Where could you encounter Passé Simple (the historical and formal tense)? You will probably not see it in a friendly chit-chat, maybe not even in this kind of blog article if it is translated into French.
You will probably say "so what is the point of knowing it? I am not a native speaker, and I can understand French text without it".
OK, you have some point there, but imagine one day, you are reading an amazing novel, and encounter a "strange verb" that you have never seen before. You are probably seeing a verb in Passé Simple, and you will no doubt regret not knowing it before.
You know what, this tense is usually regarded as a complicated tense for foreign learners of French, but you can never "feel" the beauty and how flowery French is without understanding the passé simple. What a pity if this were the case, no?
The purpose of this article is, of course, not to make you a master of Passé Simple, but to help you understand its rules and be able to recognize verbs using this tense
So, ready to go?
Grab your notebook and pen to take some notes. If you already have a good/fair level of French and a good memoire, you may try to write down a short paragraph employing Passé Simple after understanding the rules.
Most FLE students (Français Langue Etrangère – French as a Foreign Language) are told that Passé Simple is old-fashioned and that there is no need for them to understand it.
No, don't do that. It would be a pity if you couldn't see and "feel" this beautiful aspect of the French language.
The passé simple is as important as the passé compose, which is commonly used in spoken French. The passé simple or simple past in English takes the place of the Passé Composé in literature. It sounds more flowery and knowing it will help you to better understand novels written in French.
Similar to the Passé Composé, the main role of the Passé Simple is to recount a specific action in the past.
You will not hear a French guy to talk to you in this form as passé simple is only used in formal writing. You may not need it when talking in French but it is important that you know its rules as it is frequently used in formal writings, like presidential speeches, literature (fiction or non-fiction), etc.
The conjugation rule of the passé simple is not “simple” as its name suggests, and usually students who attempt to master this tense are advance-level students. But don't be afraid, if you follow the rules, recognizing and understanding this tense is really an achievable target.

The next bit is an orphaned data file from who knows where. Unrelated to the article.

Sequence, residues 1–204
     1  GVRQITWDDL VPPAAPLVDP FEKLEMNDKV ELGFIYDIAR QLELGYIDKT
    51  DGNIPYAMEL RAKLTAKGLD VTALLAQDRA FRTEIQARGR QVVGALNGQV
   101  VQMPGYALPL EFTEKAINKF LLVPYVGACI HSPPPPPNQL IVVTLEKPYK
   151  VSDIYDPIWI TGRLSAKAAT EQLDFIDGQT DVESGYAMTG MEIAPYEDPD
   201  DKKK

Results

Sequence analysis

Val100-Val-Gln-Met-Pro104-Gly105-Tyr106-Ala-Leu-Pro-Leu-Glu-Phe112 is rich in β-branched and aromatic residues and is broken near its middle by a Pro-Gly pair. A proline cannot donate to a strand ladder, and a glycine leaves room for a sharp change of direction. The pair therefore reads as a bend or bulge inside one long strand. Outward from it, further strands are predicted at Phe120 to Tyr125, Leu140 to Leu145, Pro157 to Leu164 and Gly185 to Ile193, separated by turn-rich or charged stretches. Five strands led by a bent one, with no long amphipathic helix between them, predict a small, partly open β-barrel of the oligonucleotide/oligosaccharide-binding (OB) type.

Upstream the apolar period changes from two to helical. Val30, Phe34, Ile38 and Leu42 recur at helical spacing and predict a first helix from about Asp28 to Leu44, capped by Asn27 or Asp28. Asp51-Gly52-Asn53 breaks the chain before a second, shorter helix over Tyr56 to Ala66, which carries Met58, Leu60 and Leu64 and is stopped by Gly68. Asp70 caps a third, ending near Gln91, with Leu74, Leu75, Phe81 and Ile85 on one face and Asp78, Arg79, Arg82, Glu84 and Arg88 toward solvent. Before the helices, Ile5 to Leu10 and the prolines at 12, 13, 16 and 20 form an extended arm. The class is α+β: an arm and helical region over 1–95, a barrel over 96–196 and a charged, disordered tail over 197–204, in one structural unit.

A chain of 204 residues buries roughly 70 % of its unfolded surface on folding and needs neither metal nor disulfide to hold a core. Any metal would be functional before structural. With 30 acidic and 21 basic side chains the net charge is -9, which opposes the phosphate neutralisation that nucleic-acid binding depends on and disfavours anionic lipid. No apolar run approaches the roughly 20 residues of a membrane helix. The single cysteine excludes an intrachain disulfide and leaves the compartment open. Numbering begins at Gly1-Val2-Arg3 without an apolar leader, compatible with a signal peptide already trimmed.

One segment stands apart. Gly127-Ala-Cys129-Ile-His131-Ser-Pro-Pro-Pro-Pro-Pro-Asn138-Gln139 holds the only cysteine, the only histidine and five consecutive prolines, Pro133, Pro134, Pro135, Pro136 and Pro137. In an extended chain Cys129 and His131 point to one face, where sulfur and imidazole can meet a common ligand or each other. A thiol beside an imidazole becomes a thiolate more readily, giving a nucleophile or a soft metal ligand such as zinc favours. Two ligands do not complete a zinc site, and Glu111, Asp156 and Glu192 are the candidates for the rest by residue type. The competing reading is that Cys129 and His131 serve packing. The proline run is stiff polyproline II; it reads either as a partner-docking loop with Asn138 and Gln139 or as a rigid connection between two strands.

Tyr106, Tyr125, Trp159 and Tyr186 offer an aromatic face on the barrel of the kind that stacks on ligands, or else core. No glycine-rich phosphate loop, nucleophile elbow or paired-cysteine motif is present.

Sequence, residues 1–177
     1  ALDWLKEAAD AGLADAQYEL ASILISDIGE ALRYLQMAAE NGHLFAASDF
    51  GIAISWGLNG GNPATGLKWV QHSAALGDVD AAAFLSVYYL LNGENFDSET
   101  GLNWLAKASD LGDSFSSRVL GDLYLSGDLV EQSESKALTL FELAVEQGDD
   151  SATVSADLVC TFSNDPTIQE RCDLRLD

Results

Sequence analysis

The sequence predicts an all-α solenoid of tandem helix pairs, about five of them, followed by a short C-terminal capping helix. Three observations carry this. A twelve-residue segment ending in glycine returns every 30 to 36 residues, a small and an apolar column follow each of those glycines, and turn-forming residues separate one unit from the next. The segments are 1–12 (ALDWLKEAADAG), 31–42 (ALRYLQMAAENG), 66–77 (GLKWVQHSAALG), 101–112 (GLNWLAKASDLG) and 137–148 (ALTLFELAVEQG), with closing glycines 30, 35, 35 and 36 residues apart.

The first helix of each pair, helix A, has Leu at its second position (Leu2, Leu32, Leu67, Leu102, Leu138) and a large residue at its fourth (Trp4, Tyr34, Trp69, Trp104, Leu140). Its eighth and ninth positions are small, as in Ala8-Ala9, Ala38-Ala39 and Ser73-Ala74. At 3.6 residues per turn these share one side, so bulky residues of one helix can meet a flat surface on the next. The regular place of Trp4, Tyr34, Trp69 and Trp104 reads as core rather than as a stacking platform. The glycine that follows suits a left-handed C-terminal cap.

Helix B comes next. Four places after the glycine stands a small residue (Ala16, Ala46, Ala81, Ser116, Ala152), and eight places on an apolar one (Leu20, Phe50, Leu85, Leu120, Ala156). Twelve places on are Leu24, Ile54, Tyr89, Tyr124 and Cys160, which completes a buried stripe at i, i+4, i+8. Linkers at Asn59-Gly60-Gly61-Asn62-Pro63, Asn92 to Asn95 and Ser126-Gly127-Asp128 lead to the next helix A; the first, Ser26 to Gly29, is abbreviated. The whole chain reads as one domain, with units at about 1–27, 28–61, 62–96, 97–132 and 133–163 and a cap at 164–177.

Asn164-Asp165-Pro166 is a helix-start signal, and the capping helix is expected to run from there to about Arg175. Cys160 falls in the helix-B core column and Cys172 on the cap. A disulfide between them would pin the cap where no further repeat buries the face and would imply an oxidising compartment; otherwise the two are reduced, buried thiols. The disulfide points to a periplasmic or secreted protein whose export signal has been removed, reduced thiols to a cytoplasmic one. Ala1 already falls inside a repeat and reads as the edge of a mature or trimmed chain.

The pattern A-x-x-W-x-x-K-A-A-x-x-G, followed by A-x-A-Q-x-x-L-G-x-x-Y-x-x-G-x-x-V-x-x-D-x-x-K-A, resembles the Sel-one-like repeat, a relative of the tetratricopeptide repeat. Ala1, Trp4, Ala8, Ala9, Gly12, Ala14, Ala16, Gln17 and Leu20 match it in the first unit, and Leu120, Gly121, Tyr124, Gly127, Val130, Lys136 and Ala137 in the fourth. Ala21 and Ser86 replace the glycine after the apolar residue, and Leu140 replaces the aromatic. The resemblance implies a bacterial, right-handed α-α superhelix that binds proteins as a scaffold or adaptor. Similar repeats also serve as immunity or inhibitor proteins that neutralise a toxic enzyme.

Tips: If you read a verb in a French novel that looks weird, think about the Passé Simple. Next, try to replace it with the passé composé, if you feel that the meaning of the sentence has not changed, so you are probably right (that this is the Passé Simple).
1. For regular verbs, to form passé simple, you have to drop the infinitive endings, such as –er, -ir, and –re, then replace it with the passé simple's endings.
a. Verb –er
Let's take the example of "parler" (to speak).
|Stem||Passé simple endings||Passé simple|
Note: If the verb ends with –cer, you will need to change c into ç to keep the sound of the soft c.
The same rule applies to verbs ending in –ger, like voyager. Change the –g into –ge but add it before –a.
2. Now, for regular verbs ending in -ir or -re, use the following endings:
|Stem||Passé simple endings||Passé simple|
3. For irregular verbs, we usually encounter these 2 types of endings:
The hard part is to get the stem. Here , we would recommend you to learn the conjugation of some common irregular verbs (avoir, être, faire, savoir, pouvoir, devoir…), and then you will be able to recognize other verbs when you encounter them in a text.
The passé simple is, after all, is not as "simple" as its name indicates. So, don't push yourself too hard if you can't memorize all the verbs at a glance. Take it easy, do it step by step, perhaps one day you could write your own novel in French, why not?
Please do not hesitate to leave a comment if you have any questions about this tense.
Frederic Bibard is the founder of Talk in French, a company that helps french learners to practice and improve their french. Macaron addict. Jacques Audiard fan. You can contact him on Twitter and Google +
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